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Jim Sullivan’s U.F.O.: A hidden gem of an album shrouded in a greater mystery

Art by Zion Lambino

In 1969 a Californian singer/songwriter and guitarist known as Jim Sullivan released an album simply named U.F.O. The album by today’s circumstances seemed to have what it took to become a hit. However, despite receiving acclaim from some critics and his colleagues in the music industry, the album seemed to fade into obscurity and would become a strange part of a big mystery. After a second album (his self-titled release) in 1972, also underperforming, he set his sights on moving to and attempting to restart his career in Nashville Tennessee. On his drive there from LA, he made a stop in New Mexico after having been pulled over for irregular driving due to his fatigue. There he was advised to stop at a hotel by the police. The rest is a mystery as Sullivan is believed to have left, locked his hotel room with the key inside, and bought a bottle of vodka from the town store. From there he was last seen the next day on a privately owned ranch walking into the desert in the distance away from his car, which was later found abandoned with items such as his money, guitar, clothes, and in a tragic coincidence a crate of unsold records from his brief career.

His disappearance was never truly solved and his music would remain in obscurity for a better part of time. This was until 2010 when Matt Sullivan (no relation), the founder of Light in the Attic Records, a company known for rereleasing obscure older albums, decided to remaster/reissue U.F.O. and made attempts to uncover the mystery of Sullivan's disappearance. As the album and the mystery surrounding its creator grew in the public consciousness, many listeners noted the odd themes of the album and its themes of extraterrestrial beings, desert areas, and disappearance. While unlikely, some conspiracy theorists have even questioned potential otherworldly involvement in his disappearance which he somehow prophetically foreshadowed and warned listeners about through his album.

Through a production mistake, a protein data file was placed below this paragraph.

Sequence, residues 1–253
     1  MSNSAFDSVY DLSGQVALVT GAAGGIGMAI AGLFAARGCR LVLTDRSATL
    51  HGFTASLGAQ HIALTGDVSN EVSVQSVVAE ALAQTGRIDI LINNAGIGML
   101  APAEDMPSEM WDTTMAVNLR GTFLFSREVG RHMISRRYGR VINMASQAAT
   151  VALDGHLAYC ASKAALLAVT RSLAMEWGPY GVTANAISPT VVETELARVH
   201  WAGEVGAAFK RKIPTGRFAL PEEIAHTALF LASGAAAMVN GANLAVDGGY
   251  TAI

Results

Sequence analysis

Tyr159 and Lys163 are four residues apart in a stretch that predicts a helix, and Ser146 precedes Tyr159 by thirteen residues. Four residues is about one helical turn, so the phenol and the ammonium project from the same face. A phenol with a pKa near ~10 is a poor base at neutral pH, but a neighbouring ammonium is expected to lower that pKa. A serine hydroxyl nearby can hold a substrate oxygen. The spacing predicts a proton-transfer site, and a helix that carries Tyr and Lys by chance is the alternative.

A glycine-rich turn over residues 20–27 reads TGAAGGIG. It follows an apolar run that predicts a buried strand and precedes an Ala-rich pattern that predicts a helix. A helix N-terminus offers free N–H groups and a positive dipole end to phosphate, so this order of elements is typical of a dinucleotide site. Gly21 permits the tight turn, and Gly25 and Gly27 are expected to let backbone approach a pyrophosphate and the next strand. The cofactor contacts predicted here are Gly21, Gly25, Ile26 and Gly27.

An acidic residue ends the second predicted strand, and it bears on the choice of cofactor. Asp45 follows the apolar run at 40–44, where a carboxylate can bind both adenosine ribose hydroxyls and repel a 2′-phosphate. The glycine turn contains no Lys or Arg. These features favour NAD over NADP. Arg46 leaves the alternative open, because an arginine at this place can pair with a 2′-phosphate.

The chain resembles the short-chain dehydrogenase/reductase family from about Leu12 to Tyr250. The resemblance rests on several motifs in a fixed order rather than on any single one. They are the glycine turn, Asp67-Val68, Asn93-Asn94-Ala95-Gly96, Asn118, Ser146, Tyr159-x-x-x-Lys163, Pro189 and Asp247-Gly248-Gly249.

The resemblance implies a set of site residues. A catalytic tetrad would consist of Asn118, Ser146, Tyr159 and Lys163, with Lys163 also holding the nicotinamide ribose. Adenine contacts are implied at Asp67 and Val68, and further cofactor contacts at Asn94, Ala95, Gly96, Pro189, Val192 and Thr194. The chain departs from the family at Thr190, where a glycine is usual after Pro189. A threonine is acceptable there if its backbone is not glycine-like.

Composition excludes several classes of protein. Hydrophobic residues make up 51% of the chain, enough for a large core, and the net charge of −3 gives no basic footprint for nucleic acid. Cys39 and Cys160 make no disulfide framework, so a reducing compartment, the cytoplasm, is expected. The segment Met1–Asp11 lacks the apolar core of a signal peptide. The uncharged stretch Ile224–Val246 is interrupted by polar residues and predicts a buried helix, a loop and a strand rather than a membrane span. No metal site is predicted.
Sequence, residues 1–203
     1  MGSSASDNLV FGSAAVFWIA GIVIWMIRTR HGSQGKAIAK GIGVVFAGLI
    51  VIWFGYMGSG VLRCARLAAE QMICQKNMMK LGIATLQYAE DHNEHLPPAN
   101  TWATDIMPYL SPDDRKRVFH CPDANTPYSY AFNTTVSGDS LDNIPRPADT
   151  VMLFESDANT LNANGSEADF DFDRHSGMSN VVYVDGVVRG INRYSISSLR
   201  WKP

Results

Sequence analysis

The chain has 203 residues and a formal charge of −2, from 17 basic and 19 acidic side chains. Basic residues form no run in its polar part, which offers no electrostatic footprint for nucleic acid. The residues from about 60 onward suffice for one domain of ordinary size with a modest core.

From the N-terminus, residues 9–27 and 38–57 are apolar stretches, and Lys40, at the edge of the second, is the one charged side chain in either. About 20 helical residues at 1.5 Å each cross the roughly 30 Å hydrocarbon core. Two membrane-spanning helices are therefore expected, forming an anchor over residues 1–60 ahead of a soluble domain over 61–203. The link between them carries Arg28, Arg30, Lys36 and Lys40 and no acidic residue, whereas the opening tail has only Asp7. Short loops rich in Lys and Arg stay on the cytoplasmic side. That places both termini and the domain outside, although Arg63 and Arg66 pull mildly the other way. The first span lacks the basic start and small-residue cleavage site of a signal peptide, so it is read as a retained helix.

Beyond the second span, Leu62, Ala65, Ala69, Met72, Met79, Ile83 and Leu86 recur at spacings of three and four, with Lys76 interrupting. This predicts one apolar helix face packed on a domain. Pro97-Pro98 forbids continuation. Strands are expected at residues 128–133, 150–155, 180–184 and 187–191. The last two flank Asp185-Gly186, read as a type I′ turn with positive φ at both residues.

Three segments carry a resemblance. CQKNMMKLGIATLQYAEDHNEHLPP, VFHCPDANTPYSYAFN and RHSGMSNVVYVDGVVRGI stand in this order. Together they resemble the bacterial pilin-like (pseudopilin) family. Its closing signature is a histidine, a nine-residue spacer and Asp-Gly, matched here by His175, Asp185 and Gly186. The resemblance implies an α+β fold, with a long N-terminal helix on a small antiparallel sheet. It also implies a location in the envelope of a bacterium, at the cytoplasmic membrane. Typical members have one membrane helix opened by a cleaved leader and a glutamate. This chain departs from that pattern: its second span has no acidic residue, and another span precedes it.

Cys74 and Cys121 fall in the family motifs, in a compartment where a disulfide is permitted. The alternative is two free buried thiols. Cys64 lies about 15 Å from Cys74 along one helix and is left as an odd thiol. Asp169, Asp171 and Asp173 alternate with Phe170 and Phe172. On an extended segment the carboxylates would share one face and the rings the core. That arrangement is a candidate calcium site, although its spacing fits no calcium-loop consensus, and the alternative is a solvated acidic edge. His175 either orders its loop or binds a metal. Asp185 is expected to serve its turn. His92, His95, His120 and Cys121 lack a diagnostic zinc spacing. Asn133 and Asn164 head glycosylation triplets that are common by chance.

Overall this was his most iconic album because of its obscurity and themes most closely associated with his disappearance. That being said, I first discovered this album, artist, and their strange background about a month ago. Out of curiosity I listened to the album in its entirety and can confidently say that it’s now one of my all-time favorite albums. On its own, taking away the mystery surrounding it which provides a lot of appeal, it's a very solid album. It incorporates orchestrated sounds alongside the traditional folk, rock, country, and even psychedelic sounds and styles combined with Sullivan’s bluesy vocals. It makes for a very calm and easy listening experience. Its total runtime is also just 29 minutes allowing for it to be enjoyed casually compared to other psychedelic rock works at the time which could be double or triple its length with some songs blending together to create larger parts of the album. I feel this simplicity is another very enjoyable part of this album.

I found it to be short and sweet yet it had a depth with its unique sound and lyrics that drew me in as I listened. It wasn’t too grand or complex in its style but felt very simple and down to earth as if you are watching or listening to a man with a guitar, and his band and nothing more. Overall the mystery surrounding Sullivan only added to the listening experience given the fact that the album never took off and was released shortly before his disappearance. In a way, it feels as though it’s a sweet yet sorrowful, and eerie goodbye of sorts and has a very final feel to it, despite not having been his last release. While we may never know what truly took place after Jim left his car on March 6th, 1975, his brief yet colorful career and its very short legacy lives on shrouded in mystery. This album itself is a one-of-a-kind work, arguably an underrated masterpiece that I’d highly suggest giving a listen to.

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